In The Conversation today, there’s a conversation between Douglas Hilton of the Walter and Eliza Hall Institute and shadow finance minister Andrew Robb. They talk about the general research environment in Australia and about some of the problems with the current funding regime.
Douglas Hilton proposes something along the lines that a few people have recently:
Perhaps you give your young investigators five years’ worth of funding to make a mark. You know people that we know are highly educated, that have served their research apprenticeship, who are passionate and articulate about what they do. Give them five years to get going.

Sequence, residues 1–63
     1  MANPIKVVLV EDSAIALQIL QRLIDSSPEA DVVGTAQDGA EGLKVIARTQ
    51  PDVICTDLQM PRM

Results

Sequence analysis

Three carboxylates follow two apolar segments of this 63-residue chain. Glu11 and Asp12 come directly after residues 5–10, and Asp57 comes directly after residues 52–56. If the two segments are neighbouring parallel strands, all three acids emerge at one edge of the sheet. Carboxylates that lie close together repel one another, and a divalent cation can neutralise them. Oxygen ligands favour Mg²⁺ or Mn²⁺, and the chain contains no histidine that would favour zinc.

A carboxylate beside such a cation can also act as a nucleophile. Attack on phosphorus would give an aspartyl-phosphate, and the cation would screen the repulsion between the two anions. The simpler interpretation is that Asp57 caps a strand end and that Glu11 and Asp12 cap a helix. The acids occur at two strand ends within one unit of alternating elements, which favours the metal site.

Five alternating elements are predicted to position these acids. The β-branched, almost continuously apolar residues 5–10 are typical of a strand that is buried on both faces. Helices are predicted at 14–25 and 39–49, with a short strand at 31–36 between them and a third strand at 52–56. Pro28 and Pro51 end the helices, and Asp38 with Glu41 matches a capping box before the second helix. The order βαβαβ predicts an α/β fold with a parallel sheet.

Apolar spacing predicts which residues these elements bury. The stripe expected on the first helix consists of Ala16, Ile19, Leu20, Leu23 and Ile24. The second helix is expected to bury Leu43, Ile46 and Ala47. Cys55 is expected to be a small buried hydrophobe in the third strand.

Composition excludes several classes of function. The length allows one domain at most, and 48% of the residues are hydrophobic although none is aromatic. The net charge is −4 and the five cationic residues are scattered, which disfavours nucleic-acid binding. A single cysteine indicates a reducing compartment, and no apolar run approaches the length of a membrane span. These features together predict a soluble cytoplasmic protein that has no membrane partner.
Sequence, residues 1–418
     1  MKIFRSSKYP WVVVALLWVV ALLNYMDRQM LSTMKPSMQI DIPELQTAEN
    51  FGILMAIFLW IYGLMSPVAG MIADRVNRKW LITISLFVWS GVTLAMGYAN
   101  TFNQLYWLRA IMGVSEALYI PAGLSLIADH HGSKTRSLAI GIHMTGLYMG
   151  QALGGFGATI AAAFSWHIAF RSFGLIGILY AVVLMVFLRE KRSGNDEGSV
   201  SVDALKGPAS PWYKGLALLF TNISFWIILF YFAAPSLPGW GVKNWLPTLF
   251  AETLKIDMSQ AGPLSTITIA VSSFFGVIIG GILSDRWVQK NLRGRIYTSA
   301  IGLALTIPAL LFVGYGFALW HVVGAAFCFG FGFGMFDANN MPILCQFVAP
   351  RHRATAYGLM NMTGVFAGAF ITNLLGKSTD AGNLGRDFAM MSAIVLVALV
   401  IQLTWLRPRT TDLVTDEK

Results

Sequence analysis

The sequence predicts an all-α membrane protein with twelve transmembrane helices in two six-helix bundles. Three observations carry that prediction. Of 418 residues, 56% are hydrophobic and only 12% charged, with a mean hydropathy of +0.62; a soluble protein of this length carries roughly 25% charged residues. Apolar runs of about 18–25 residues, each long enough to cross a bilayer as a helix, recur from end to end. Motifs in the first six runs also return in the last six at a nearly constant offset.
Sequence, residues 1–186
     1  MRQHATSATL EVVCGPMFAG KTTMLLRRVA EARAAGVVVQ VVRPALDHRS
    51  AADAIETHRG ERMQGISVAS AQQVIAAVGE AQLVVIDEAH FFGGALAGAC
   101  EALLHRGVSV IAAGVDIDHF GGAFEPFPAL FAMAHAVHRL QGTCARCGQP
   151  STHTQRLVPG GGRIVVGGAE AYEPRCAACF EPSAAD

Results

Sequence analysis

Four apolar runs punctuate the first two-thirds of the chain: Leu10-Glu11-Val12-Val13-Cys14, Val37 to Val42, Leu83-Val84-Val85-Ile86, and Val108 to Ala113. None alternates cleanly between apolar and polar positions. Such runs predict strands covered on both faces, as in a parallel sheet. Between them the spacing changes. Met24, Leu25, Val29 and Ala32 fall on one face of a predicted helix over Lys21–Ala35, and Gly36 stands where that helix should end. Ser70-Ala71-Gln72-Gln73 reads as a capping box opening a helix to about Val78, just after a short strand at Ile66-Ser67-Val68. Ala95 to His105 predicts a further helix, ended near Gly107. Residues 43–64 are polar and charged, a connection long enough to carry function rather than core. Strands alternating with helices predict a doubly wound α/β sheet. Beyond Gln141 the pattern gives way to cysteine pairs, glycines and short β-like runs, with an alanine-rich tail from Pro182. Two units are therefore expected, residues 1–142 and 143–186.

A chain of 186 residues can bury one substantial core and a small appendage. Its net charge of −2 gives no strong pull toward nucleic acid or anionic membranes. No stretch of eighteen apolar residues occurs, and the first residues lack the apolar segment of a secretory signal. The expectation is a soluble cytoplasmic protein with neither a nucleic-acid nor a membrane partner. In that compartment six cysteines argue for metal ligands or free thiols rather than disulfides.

And then after five years ask them, have they come up with the goods, assess them absolutely rigorously, make them responsible for their own destiny and having reviewed them and put the flame to their bellies, then give them perhaps five or seven years in the next funding cycle.
From my point of view, that sounds great! But I don’t think that really recognises how research works and how research is done. The current super-competetive (<20% success rate!) DECRA scheme ties salary and a pretty small budget to a single early-caree research for three years. I can’t see a scenario where a five year window is going to be less competitive.
As Zen Faulkes recently noted, you can’t say that you support funding for more young scientists if you won’t pony up the money to pay it.